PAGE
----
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Do Employment Subsidies Work? Evidence from Regionally Targeted Subsidies in Turkey

  • Betcherman, Gordon

    ()

    (University of Ottawa)

  • Daysal, N. Meltem

    ()

    (University of Southern Denmark)

  • Pagés, Carmen

    ()

    (Inter-American Development Bank)

This paper studies the effects on registered employment, earnings, and number of registered establishments of two employment subsidy schemes in Turkey. We implement a difference-in-differences methodology to construct appropriate counterfactuals for the covered provinces. Our findings suggest that both subsidy programs did lead to significant net increases in registered jobs in eligible provinces (5%-13% for the first program and 11%-15% for the second). However, the cost of the actual job creation was high because of substantial deadweight losses, particularly for the first program (47% and 78%). Because of better design features, the second subsidy program had lower, though still significant, deadweight losses (23%-44%). Although constrained by data availability, the evidence suggests that the dominant effect of subsidies was to increase social security registration of firms and workers rather than boosting total employment and economic activity. This supports the hypothesis that in countries with weak enforcement institutions, high labor taxes on low-wage workers may lead to substantial incentives for firms and workers to operate informally.

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Paper provided by Institute for the Study of Labor (IZA) in its series IZA Discussion Papers with number 3508.

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Length: 51 pages
Date of creation: May 2008
Date of revision:
Publication status: published in: Labour Economics, 17:4 (August 2010), 710-722
Handle: RePEc:iza:izadps:dp3508
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  1. Marianne Bertrand & Esther Duflo & Sendhil Mullainathan, 2002. "How Much Should We Trust Differences-in-Differences Estimates?," NBER Working Papers 8841, National Bureau of Economic Research, Inc.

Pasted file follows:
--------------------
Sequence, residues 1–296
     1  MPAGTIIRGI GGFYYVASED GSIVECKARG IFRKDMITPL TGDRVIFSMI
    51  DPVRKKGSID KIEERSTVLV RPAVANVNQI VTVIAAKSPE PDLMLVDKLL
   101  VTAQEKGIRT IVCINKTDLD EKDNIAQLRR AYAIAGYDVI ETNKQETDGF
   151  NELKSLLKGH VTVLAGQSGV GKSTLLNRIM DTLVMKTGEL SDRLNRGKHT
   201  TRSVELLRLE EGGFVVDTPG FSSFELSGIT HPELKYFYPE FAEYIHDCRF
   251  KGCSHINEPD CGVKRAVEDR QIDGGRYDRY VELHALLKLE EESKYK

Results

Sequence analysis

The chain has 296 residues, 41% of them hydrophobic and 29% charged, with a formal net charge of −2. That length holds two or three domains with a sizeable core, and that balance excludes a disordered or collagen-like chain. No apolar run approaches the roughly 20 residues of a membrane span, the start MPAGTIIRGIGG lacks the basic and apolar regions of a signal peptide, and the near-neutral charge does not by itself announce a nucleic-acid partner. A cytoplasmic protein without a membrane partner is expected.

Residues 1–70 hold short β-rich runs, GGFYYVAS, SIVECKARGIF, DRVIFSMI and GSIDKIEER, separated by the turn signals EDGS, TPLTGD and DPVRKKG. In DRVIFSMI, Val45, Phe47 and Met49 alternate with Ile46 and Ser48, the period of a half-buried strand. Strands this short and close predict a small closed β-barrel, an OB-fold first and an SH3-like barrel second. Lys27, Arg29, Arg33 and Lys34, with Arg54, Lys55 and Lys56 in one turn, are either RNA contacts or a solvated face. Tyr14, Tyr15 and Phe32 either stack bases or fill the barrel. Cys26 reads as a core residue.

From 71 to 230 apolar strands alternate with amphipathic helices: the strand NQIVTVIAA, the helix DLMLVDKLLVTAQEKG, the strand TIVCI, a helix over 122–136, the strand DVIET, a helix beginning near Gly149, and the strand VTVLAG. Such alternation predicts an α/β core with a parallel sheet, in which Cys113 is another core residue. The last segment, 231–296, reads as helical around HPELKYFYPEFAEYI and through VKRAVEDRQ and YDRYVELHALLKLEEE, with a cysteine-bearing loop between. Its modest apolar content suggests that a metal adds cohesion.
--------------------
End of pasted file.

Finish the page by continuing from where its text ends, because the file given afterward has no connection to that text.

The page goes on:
2. Kerry L. Papps, 2012. "The Effects of Social Security Taxes and Minimum Wages on Employment: Evidence from Turkey," Industrial and Labor Relations Review, ILR Review, Cornell University, ILR School, vol. 65(3), pages 686-707, July.
  3. Evans, William N. & Lien, Diana S., 2005. "The benefits of prenatal care: evidence from the PAT bus strike," Journal of Econometrics, Elsevier, vol. 125(1-2), pages 207-239.
  4. Girma, Sourafel & Görg, Holger & Strobl, Eric & Walsh, Frank, 2008. "Creating jobs through public subsidies: An empirical analysis," Labour Economics, Elsevier, vol. 15(6), pages 1179-1199, December.
  5. Stephen Nickell, 2004. "Employment and Taxes," CEP Discussion Papers dp0634, Centre for Economic Performance, LSE.
  6. James J. Heckman & Carmen Pagés, 2004. "Introduction to "Law and Employment: Lessons from Latin American and the Caribbean"," NBER Chapters, in: Law and Employment: Lessons from Latin America and the Caribbean, pages 1-108 National Bureau of Economic Research, Inc.
  7. Gerfin, Michael & Lechner, Michael & Stieger, Heidi, 2002. "Does Subsidized Temporary Employment Get the Unemployed Back to Work? An Econometric Analysis of Two Different Schemes," CEPR Discussion Papers 3669, C.E.P.R. Discussion Papers.
  8. James J. Heckman & Carmen Pagés, 2004. "Law and Employment: Lessons from Latin America and the Caribbean," NBER Books, National Bureau of Economic Research, Inc, number heck04-1, October.
  9. Timothy Besley & Robin Burgess, 2002. "Can labour regulation hinder economic performance? Evidence from India," LSE Research Online Documents on Economics 3779, London School of Economics and Political Science, LSE Library.
  10. Gruber, Jonathan, 1997. "The Incidence of Payroll Taxation: Evidence from Chile," Journal of Labor Economics, University of Chicago Press, vol. 15(3), pages S72-101, July.
  11. Emanuela Galasso & Martin Ravallion & Agustin Salvia, 2004. "Assisting the transition from workfare to work: A randomized experiment," Industrial and Labor Relations Review, ILR Review, Cornell University, ILR School, vol. 58(1), pages 128-142, October.
  12. David H. Autor & William R. Kerr & Adriana D. Kugler, 2007. "Does Employment Protection Reduce Productivity? Evidence From US States," Economic Journal, Royal Economic Society, vol. 117(521), pages 189-217, 06.
  13. Ive MARX, 2001. "Job subsidies and cuts in employers' social security contributions: The verdict of empirical evaluation studies," International Labour Review, International Labour Organization, vol. 140(1), pages 69-83, 03.
  14. Sourafel Girmaa & Holger Görg & Eric Strobl & Frank Walsh, 2008. "Creating jobs through public subsidies : an empirical analysis," Open Access publications 10197/185, School of Economics, University College Dublin.
  15. David H. Autor & John J. Donohue & Stewart J. Schwab, 2006. "The Costs of Wrongful-Discharge Laws," The Review of Economics and Statistics, MIT Press, vol. 88(2), pages 211-231, May.
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